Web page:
Statistics for the First Bituminous Coal District of Pennsylvania were: total amount of coal shipped: 9, tons; coal mines operating in ; in ; 93 reported accidents; 32 fatal.
Average number of miners employed in each mine of the first district, Average amount of coal mined by each mine, tons. coal:bed of the Monongahela Fo•rmation, which has been largely mined out.
Total original reserves of high-volatile bituminous coal in beds thicker than 14 inches are estimated to be 2, million short tons, of which 2, million tons are remaining reserves. INTRODUCTION Beaver County, Pa., is a part of one of the major coal fields in the.
If not, please contact the Pennsylvania Department of Environmental Protection at [email protected] to inquire how to obtain a copy of the mine map image. Please include the following in.
Geology. Geology is the study of Earth -- the materials that make it up, the processes that act on those materials, and the history of the planet and its life forms. The rocks under a specific area have a significant impact on how that land can best be used.
Bureau of District Mining Operations. Responsible for permitting and inspection of mine sites for a given region and/or specific mining type. There are 6 individual District Mining Offices (DMOs) in Pennsylvania located to best serve the needs of the industry and citizens.
Epermitting info Bureau of Mining Programs. the nature, location and extent of coal resources in a particular situation, such as a coal mining lease or a coal-bearing sedimentary basin, and to identify the geological factors that may affect its economic, safe and environmentally-acceptable mining and use.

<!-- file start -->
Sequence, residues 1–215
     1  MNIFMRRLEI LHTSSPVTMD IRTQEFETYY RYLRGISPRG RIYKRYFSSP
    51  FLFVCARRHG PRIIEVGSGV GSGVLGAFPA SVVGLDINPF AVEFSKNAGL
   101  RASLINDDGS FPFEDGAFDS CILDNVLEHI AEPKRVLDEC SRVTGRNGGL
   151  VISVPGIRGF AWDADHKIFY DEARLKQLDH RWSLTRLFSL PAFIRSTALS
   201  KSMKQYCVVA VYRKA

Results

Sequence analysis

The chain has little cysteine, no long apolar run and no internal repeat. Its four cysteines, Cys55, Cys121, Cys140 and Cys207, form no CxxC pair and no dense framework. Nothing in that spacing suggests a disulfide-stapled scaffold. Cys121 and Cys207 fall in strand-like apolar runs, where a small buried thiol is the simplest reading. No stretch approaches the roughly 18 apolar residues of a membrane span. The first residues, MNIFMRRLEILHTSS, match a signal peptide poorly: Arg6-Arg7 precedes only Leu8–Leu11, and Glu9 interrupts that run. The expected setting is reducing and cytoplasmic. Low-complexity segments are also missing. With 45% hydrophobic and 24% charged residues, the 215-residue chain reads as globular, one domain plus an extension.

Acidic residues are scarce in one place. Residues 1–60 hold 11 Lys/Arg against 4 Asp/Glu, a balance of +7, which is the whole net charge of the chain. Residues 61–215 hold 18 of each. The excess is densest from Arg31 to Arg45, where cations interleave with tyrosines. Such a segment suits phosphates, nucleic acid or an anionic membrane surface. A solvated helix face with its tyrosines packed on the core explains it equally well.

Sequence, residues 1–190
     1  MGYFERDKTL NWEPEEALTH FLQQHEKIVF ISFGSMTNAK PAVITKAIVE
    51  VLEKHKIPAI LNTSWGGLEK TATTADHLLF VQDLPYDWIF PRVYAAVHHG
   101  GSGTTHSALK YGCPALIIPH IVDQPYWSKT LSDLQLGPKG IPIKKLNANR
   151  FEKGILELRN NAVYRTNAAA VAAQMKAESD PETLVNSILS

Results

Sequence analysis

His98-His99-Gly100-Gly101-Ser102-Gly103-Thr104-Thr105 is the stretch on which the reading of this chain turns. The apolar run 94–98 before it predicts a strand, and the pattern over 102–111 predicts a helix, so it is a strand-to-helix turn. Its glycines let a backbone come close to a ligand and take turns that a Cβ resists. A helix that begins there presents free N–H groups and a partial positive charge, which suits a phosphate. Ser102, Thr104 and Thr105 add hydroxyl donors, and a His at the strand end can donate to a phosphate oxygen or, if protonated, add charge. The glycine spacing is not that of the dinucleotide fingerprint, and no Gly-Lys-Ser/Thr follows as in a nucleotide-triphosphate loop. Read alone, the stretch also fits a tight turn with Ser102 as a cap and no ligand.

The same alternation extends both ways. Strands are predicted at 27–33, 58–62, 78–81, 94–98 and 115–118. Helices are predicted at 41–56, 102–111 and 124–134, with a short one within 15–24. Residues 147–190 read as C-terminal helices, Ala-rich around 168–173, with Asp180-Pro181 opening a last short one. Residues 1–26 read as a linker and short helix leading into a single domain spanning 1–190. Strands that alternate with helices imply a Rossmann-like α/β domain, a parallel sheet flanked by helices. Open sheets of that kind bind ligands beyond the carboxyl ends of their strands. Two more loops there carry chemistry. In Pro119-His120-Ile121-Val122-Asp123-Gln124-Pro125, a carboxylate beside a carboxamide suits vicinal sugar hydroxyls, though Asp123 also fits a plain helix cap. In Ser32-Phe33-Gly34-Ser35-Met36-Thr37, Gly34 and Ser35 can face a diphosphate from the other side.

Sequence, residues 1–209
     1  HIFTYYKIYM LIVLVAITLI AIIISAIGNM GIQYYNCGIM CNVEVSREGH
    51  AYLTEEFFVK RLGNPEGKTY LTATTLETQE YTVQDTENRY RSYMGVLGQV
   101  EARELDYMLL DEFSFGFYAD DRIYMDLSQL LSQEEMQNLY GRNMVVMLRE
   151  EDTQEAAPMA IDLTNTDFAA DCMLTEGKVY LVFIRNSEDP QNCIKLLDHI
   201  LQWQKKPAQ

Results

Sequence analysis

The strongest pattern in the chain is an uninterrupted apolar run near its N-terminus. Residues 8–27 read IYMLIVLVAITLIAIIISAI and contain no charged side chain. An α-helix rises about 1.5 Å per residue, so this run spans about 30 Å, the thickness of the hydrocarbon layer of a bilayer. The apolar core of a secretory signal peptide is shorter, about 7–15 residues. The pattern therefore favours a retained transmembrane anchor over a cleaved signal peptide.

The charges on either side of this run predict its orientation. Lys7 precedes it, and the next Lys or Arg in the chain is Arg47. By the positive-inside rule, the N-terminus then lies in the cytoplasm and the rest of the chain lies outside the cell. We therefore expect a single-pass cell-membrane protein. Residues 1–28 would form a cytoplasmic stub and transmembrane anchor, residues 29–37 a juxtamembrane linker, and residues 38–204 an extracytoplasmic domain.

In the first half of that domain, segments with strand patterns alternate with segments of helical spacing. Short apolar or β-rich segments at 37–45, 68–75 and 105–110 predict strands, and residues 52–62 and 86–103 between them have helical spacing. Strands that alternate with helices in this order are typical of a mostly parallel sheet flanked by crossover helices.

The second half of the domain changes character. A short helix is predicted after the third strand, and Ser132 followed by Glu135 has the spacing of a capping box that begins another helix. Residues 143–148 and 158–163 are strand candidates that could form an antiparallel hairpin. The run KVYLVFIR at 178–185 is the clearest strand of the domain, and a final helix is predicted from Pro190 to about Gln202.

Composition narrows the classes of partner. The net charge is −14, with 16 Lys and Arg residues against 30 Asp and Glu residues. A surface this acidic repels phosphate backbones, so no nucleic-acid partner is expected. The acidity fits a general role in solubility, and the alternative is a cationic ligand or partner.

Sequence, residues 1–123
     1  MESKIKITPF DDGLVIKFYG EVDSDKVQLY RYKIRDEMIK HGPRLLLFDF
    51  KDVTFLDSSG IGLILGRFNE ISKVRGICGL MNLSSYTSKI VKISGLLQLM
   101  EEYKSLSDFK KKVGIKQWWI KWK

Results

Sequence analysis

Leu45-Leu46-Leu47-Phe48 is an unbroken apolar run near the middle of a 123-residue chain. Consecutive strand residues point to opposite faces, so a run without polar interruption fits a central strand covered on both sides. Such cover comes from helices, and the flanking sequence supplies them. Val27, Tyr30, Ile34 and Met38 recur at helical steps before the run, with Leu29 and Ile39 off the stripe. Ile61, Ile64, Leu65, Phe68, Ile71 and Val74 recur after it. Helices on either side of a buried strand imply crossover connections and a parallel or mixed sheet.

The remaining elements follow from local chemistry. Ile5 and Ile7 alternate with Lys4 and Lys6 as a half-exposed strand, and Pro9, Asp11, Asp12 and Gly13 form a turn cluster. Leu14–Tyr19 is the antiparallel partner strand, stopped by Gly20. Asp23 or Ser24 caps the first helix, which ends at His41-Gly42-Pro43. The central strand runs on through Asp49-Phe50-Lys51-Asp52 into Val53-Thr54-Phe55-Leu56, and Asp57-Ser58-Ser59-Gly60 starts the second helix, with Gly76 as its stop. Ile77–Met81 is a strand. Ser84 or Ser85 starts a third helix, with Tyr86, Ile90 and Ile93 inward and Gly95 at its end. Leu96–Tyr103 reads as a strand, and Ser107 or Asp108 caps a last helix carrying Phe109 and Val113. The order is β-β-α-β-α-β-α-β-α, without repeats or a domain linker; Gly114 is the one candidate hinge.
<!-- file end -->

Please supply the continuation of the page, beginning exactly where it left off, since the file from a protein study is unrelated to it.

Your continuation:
Depending on the context, the immediate aim of a coal exploration program may be to. Mining in Pennsylvania was a well regulated industry after the Avondale mine disaster in Details of mining accidents, fatal and nonfatal, can be found in the volumes of the Commonwealth of Pennsylvania Mine Inspector ations began in and continues today; however, the reports are only genealogically useful until the ’s.
Coal is widely distributed around the world and the United States has approximately 21 percent of the world's coal resources (EIA, ). The coal industry in the United States is mature, tracing its origin to the first commercial exploitation of coal in the Manakin area, near Richmond, Virginia, in Bymost of the colonies knew about the existence of coal fields within their.
Duringthe Pennsylvania Geological Survey began an investi-gation to determine more accurately the quantity and quality of Pennsylvania's bituminous coal resources.
The original work was done by John F. Reese, with some later revision by James P. Sisler. The Reese and Sisler report was published in and stated that the.
Pennsylvania has developed new standards, released in and implemented into help protect the commonwealth?s valuable streams from the detrimental effects of subsidence. These standards are aimed at eliminating environmental problems and will therefore help to make underground bituminous coal mining more sustainable.The Lower Kittanning coalbed in Cambria County, Pa., has a long mining history and is currently being explored to define deeper reserves.
As these deeper reserves are explored, geologic factors that affect mining in unmined coal need to be examined to aid in mine planning.
With the accumulation of.